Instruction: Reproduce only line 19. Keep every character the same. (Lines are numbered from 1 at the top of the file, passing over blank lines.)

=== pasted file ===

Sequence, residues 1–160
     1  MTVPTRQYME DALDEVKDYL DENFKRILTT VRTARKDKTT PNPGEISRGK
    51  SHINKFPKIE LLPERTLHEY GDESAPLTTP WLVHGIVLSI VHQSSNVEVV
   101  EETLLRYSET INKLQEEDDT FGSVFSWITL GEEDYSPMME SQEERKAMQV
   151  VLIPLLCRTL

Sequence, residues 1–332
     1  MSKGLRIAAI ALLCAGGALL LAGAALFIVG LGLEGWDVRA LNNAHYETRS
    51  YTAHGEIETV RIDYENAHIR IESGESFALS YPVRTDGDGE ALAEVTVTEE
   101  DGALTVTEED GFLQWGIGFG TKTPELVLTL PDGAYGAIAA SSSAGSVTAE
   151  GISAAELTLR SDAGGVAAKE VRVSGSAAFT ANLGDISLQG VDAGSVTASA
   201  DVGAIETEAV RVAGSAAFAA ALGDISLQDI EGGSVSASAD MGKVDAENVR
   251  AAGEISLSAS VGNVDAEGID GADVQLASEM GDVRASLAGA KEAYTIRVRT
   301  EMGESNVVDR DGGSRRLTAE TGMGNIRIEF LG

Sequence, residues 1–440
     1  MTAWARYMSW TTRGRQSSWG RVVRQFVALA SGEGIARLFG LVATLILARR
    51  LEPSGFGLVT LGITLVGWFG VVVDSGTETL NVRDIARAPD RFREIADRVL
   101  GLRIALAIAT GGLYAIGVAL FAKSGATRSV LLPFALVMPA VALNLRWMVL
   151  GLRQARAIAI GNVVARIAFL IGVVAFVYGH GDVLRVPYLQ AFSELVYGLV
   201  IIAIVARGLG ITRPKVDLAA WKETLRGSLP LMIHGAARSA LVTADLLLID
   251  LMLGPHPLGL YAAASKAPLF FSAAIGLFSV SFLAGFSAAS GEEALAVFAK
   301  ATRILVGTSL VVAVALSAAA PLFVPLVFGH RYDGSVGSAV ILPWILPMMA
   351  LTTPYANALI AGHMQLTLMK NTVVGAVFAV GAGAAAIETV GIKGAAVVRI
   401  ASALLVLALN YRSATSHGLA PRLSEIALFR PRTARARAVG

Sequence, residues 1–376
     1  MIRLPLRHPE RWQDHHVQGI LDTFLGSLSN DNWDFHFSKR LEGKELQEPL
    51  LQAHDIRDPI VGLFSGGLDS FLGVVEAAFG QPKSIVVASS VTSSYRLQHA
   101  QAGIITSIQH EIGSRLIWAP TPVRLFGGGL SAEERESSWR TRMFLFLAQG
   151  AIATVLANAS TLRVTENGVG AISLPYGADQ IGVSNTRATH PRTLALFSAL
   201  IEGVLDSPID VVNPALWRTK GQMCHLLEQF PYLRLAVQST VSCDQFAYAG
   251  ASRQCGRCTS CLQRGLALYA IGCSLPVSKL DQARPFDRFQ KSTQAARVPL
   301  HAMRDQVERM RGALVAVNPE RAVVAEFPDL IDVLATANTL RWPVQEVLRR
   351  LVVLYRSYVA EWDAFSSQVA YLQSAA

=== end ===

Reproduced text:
   201  IIAIVARGLG ITRPKVDLAA WKETLRGSLP LMIHGAARSA LVTADLLLID